Jones got paid big money this offseason. For some players, that can lead to a step back in play. That’s not been the case this season for Jones. He’s been the Chiefs’ best defender in multiple games this year and looks to be developing into an even better player under Spagnuolo and Brendan Daly’s tutelage.

The bad

The single biggest problem for the Chiefs defense this week was their propensity for penalties in the secondary. This officiating crew was calling a particularly tight game — especially when the Chiefs were on defense — and Kansas City didn’t make an adjustment to avoid those calls.

Charvarius Ward and Bashaud Breeland are physical cornerbacks that lined up opposite of a set of speedy vertical threats. Naturally, Spagnuolo had them try to play physical to disrupt timing so the blitz-heavy attack could get home. There’s nothing wrong with that strategy, and with a different officiating crew, I’d expect Spagnuolo to execute a similar gameplan.

However, when the flags start flying, an adjustment needs to be made. The Bills were able to score two touchdowns on drives extended by defensive penalties. Another drive just before the half was extended by a penalty that would have given the ball back to the Chiefs offense with over two minutes remaining on the clock. The Bills offense is terrific at converting third downs this season, and the Chiefs handed them two this week that would’ve gotten them off the field.

Football is a game of adjustments, both in coaching and in execution. Make no mistake, I want these physical cornerbacks to get after the opposing wide receivers week in and week out. But when they run up against a crew that has a propensity to throw laundry on the field, the Chiefs defense needs to make a slight adjustment to avoid extending drives.

Something you may have missed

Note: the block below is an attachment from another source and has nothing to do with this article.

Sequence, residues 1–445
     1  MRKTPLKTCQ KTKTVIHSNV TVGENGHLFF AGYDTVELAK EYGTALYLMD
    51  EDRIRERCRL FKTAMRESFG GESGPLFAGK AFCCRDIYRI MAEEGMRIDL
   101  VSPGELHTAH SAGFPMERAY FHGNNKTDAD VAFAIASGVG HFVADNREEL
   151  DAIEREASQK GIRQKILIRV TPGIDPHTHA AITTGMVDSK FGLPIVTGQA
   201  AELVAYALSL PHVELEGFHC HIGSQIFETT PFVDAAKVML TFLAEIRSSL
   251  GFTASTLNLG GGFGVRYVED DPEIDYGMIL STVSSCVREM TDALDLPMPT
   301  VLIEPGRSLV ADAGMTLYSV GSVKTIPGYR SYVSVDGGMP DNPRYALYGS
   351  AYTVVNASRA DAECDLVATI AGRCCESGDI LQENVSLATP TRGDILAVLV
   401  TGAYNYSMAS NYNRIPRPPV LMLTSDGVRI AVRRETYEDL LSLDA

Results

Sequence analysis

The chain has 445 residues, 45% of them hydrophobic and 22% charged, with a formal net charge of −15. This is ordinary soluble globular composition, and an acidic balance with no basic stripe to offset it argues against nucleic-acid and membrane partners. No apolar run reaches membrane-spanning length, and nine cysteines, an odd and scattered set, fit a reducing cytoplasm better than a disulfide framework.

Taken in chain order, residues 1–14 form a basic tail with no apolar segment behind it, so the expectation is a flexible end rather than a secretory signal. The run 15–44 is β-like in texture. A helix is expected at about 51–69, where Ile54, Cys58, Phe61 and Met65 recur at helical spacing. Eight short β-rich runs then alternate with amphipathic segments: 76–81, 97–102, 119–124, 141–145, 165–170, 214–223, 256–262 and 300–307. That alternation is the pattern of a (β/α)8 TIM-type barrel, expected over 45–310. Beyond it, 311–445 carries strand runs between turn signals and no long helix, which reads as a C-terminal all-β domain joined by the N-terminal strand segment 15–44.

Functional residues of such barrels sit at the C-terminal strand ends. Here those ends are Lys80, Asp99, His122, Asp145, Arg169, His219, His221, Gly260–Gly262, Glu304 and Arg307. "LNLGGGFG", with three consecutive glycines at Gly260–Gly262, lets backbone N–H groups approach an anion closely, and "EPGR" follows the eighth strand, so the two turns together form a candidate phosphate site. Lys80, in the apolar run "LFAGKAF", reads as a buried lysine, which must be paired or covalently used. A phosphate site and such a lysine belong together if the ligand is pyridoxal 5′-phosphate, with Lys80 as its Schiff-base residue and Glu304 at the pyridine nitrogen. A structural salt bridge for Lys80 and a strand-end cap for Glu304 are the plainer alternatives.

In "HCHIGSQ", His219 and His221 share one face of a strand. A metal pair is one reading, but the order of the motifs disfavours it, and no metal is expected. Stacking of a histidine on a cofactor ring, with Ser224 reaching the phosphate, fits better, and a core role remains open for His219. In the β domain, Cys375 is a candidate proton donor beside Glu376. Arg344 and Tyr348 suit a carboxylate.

There has been a fair amount of discussion about the Chiefs utilizing two running back sets with Le’Veon Bell now in the fold. It’s an interesting concept that Andy Reid hasn’t utilized often in his coaching career but might have some traction — especially if Sammy Watkins continues to miss some time.

One of the advantages most will tout is the ability to get good matchups with both running backs, typically with both on linebackers and the defense in a base formation. While the defense may stay in base in some instances, typically the defensive coordinator will deploy a nickel sub package that puts a safety in or near the box to counter the two-back set.

This week, Spagnuolo went one further, deploying a dime defense against the Bills 20 personnel (two running backs, no tight ends, three wide receivers). Buffalo had only utilized that personnel for four snaps on the year prior to Monday’s game, and they’d thrown the ball for three of those snaps. Spagnuolo and his staff adjusted their game plan to incorporate a lighter, rangier package to combat this personnel grouping.

The bottom line

While penalties and a soft zone drive in the fourth quarter show that there is still room for improvement, I was largely content with the way the Chiefs defense played against the Bills offense.

The Bills weren’t able to run the ball particularly effectively with two backs that are difficult to bring down, and the vertical passing offense that beat up the Chiefs the previous week was largely stifled. The Chiefs defense allowed a paltry 3.28 yards per play outside of the aforementioned penalties and singularly successful offensive drive.

It was nice to see the pass rush return to form, and even nicer to see the secondary rebound from an abysmal performance against the Raiders. The Chiefs run defense has also improved over the last two weeks, allowing just 3.9 yards per carry against two teams that have a focus on running the ball.

At this point in the season, the defense has held its own. Sure, the Raiders game was a poor outcome and a poor performance by the defense, but it looks to be a bit of an aberration compared to the rest of the season to date. Furthermore, the front end of the schedule was quite difficult for this side of the ball. Moving forward, the opponents — at least on paper — appear to offer less of a threat to run up the score against the Chiefs defense.

While it’s still early, I think that we’re seeing what Spagnuolo can build upon given the foundation that he laid last season. The next few weeks against some less dangerous teams could actually tell us quite a bit about this defense. For now, Chiefs fans should relish in these good defensive performances that complement the Chiefs’ terrific offense.